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City of Columbia finances stand up to audit

A recent audit of the city suggets Columbia's finances are in working order.

The city of Columbia is reportedly in strong financial shape after McGladry, an assurance, tax and consulting firm from Kansas City, finished their audit. McGladry considers Columbia to be a “low risk auditee,” which simplifies the auditing process.

McGladry’s Kevin Smith says Columbia is low risk because there have not been any significant findings on any of the programs or financial statements. Because Columbia is low risk, McGladry only needed to review 25 percent of the city’s federal expenditures, rather than the 50 percent reviewed for “high risk auditees.”

After the audit McGladry had a positive report. Smith classified it as a clean or “unmodified opinion.” Smith said that is the highest opinion they give on financial statements.

The city also had an internal auditor, Greg Slinkard, look into overtime compliance and an incentive program for city employees. The examination of overtime compliance had no issues to report, though there were problems with the incentive program. The basis for the incentive program was to reward employees who provided exceptional service in the community. Selected employees would receive small gift cards – around $25 – as a reward for extraordinary work.

Slinkard said the issues with the incentive program “ended up being accounting problems, the records just weren’t accounting for the records properly.” He said he plans to keep closer tabs on the program in order to address the problem. The incentive program overall had the freedom to use $20,000 in gift cards, which is broken down into specific departments.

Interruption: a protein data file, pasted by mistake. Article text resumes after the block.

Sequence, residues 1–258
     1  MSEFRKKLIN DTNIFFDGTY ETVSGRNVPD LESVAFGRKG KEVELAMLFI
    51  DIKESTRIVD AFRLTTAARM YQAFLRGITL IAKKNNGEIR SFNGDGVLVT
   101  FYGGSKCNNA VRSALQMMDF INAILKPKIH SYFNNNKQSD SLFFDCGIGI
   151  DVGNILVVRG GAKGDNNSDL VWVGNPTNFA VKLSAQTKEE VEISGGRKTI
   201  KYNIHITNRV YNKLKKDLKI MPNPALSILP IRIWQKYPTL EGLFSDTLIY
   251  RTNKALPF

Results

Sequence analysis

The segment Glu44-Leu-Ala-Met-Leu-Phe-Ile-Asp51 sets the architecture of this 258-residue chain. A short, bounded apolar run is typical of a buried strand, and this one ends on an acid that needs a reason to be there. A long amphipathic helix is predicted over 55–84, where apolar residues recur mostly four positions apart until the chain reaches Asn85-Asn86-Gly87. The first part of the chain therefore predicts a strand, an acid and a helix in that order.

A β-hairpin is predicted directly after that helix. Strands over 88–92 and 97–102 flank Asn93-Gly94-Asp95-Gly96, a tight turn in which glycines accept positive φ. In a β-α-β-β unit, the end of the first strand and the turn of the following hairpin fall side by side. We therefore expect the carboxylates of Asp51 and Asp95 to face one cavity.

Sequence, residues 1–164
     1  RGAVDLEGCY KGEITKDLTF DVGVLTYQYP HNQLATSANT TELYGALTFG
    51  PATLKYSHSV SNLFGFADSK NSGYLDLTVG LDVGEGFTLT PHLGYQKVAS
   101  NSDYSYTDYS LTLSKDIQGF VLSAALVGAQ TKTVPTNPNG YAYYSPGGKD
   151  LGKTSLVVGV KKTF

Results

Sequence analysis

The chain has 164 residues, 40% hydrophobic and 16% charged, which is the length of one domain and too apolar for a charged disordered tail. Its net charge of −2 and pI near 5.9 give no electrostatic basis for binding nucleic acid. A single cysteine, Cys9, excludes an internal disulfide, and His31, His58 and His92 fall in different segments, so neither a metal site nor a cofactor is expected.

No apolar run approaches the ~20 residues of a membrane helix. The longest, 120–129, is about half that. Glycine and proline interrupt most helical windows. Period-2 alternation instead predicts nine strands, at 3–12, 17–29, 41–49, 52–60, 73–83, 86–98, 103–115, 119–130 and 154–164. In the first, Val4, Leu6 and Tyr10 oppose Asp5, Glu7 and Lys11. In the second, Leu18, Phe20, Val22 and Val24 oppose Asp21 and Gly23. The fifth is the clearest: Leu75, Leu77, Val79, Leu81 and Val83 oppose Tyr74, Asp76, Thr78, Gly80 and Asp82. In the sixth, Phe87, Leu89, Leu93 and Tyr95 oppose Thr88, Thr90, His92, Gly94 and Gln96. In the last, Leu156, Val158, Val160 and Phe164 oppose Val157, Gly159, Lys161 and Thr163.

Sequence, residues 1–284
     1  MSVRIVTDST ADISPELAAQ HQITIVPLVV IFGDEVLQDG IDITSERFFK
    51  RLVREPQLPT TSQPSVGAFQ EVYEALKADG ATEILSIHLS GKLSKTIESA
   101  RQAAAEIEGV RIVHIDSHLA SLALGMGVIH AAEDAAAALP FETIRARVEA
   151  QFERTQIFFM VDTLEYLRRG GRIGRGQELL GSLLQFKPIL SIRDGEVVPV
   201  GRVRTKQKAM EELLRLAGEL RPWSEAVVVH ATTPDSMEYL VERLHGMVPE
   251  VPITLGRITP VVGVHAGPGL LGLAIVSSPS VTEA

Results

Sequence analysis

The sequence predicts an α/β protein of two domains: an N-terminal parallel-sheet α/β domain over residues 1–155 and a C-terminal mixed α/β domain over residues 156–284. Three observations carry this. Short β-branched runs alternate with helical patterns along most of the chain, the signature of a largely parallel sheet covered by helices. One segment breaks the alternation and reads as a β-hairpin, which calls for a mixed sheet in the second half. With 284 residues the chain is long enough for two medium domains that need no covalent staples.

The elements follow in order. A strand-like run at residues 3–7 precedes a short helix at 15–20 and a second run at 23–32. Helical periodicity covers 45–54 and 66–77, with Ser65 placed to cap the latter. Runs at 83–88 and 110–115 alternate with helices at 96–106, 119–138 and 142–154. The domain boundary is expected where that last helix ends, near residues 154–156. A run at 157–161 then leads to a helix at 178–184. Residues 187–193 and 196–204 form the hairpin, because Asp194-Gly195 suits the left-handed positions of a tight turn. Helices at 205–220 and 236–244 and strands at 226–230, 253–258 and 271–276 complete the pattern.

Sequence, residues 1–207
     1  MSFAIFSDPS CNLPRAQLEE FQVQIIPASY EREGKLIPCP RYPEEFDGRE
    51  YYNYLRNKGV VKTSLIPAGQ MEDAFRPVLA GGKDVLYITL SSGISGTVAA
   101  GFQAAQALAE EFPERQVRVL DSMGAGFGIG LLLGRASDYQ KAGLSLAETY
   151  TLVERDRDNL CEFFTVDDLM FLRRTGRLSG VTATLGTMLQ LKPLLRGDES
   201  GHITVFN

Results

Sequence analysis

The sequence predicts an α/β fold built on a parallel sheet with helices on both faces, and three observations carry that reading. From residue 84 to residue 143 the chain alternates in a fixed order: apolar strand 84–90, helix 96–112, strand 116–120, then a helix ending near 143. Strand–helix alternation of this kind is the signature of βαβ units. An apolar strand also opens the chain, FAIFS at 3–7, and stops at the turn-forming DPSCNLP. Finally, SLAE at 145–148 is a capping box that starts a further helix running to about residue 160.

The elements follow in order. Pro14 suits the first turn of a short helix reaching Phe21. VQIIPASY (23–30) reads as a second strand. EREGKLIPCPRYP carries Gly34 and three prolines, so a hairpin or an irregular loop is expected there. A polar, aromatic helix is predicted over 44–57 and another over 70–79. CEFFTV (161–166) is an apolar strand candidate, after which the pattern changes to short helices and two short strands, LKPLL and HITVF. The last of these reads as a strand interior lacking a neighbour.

Slinkard also mentioned several programs he hopes to examine in the near future. He will focus on funds used for narcotics investigation in the city and determine if they can be used more effectively. In addition, Slinkard plans on looking into the sale and disposition of assets, particularly the disposition and sale of vehicles and heavy equipment.  He also plans to inspect the billing and receipt activities at the health center and the value of scrap metal from public works and the water and light department.

Finance Director John Blattel said Columbia's general fund had a balanced budget. The city planned to use over one million dollars of the fund's balance and spent less than that number. Blattel said Columbia is in a strong financial position and the city is well above its fund balance requirement, which is set at 20 percent. Blattel said being above the fund requirement will have a positive effect on Columbia's credit rating and strengthen the city's financial situation.

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